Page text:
"It is very mortifying and painful to find how weak one is."
"That is true. But our mortifications are some of God's best physicians and do much toward healing our pride and self conceit."
The above quote is taken from a wonderful book I am currently reading, called Stepping Heavenward: Once Woman's Journey to Godliness by Mrs. Elizabeth Prentiss. The book is written in the style of a journal, at the pen of a young girl named Katherine Mortimer, and begins in the year of 1831. I won't extrapolate exceedingly regarding the qualities of the book at the moment, as I haven't finished it yet, but it has been very encouraging to me so far. I am learning a lot about my Heavenly Father through it, as I read of Kate's own journey as she learns and grows closer to God.
But back to the subject at hand: grief.
In my first post on grief, I quoted a few verses from Psalm 119. If anyone knew about grief, it was King David, and he experienced it throughout his life in almost every way imaginable. Pay attention to the way he describes the state of his soul, of his spirit in these verses. "My soul cleaves to the dust.....My soul weeps because of grief."
Have you ever gone through something in your life where you felt like you couldn't get back up? Like you'd been pushed down too many times? Was there ever a pain so strong you could hardly bear it? That is the picture David is painting here; he knew what it was like to have that kind of pain.
Like David, every single person on the planet goes through grief and hard times. Some experience it more than others it's true, but I have learned that there is more than one way that grief can appear in a persons life. A lot of the time, it happens through situations we can't control, like the loss of someone we care about, or through the workings of our Enemy as he tries to get our eyes of our Father. Just think about Job. He was a Godly man, and loved the LORD, but God still permitted a lot of horrible things to happen to Him. Did this mean that God did not love Job? Of course not. I think He loved Job enough to let them happen, because they ultimately brought Job even closer to his Father, and brought him more understanding. Look to Psalm 119 again; what does David say, right after expressing the pain in his soul? "My soul cleaves to the dust; Revive me according to Your Word....My soul weeps because of grief; Strengthen me according to Your word." David knew that what he needed was not for the pain to go away, but for God's will to be done, which always, no matter the circumstance, is that we draw closer to the Father, that we trust His commandments, trust His Word, and only look to Him and His truth for sustinance.
So what does the quote at the beginning of this post have to do with all this? I think it illustrates another way people can experience grief in their lives, as well as how God wants to teach us through these experiences. Just as we can experience "mortification" at areas in our lives not matching up to God's will for us, we can experience grief for deliberately going against the perfect plan our Heavenly Father has set up for our lives. Yes, Satan will constantly be doing his absolute best to minimize our usefullness for God, but when we fall for his temptations, when we make the choice to choose the temptation over God's will, it is no one's fault but our own.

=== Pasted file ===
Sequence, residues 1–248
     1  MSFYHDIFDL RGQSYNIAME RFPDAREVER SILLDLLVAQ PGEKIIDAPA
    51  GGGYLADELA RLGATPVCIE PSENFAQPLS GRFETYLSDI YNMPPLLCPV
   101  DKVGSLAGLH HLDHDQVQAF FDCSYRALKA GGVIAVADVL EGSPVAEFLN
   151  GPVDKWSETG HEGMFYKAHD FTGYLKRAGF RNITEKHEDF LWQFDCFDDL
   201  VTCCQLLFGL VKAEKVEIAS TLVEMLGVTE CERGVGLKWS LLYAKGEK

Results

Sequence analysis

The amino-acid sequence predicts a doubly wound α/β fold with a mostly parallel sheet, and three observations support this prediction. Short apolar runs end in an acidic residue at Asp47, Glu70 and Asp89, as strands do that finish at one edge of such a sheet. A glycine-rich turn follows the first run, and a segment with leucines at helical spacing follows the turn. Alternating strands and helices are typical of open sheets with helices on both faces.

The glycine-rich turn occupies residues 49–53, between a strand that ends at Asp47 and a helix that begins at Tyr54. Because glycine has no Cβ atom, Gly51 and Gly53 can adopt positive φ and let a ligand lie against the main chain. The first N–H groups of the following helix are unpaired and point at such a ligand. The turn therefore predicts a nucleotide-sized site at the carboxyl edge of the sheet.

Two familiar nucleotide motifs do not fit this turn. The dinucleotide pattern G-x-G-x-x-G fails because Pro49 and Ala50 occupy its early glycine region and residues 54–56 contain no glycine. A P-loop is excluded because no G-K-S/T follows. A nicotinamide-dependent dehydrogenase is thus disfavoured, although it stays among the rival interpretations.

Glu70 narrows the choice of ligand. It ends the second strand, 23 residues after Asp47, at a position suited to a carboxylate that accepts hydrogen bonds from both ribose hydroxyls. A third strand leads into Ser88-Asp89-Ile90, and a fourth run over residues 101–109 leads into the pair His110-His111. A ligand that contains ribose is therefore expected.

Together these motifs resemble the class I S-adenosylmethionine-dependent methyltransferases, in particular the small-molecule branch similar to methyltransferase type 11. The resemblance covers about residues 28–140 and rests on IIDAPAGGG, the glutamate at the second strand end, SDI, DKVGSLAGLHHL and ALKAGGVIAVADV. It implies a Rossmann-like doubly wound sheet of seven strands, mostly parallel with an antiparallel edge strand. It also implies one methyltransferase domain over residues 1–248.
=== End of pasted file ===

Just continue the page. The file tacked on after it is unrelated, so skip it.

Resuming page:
Just like everything regarding what God wants to give us, from salvation to the moment by moment way we live our lives, it will always involve a choice on our part. There are so many blessings God wants to heap onto our plates, even in the midst of trials, but He can't give them to us unless we make the choice to receive them. Just as we are saved by making the choice that what God said regarding His Son is true, we are daily sanctified by making the choice to simply continue trusting Him to see us through anything. Look with me at the last few verses from the passage I quoted before. "I have chosen the faithful way; I have placed Your ordinances before me. I cling to Your testimonies...I shall run the way of Your commandments."
Simply put, when we choose our own way over God's way, no matter how much pleasure it might bring us at first, it will always end in grief. God can allow us to run the way of emotional destruction, and we hit obstacles and trials as consequences of our sin. For me, God knew that I needed to hit rock bottom, and then continue to dig my pit deeper, before I would realize what I needed in Him. A lot of the grief I experienced in my life was simply me reaping the fruit of the seeds of neglecting the Spirit within me. I kept on turning away from Him, so He chose to let me hit hard and fast, thankfully, before I did any more damage to myself or anyone else.
That is a worst case scenario, but our Father won't always use grief that way; it simply depends on how soft or hard the heart is of the person experiencing the grief. If our hearts are soft, God can allow us to experience simple inner grief, instead of situational grief, when we can quickly realize our folly, and repent over it before our hearts grow hard. When this is the case, that is when God can use our "mortifications" as "physicians", and accomplish much "healing [of] pride and self-conceit."
Our God is a merciful, and loving God, and knows exactly what is best for His children. Just as He is not willing that any should perish, He is not willing that any of His children live a life they think as independent of Him. He loves us, no matter what, and His greatest joy is seeing joy and fruit and peace in our own lives. Our only part in all of that is making the choice to trust that He truly does know what is best, trust that He can fulfill us completely, and trust that He will soften our hearts and mold us to accomplish that end.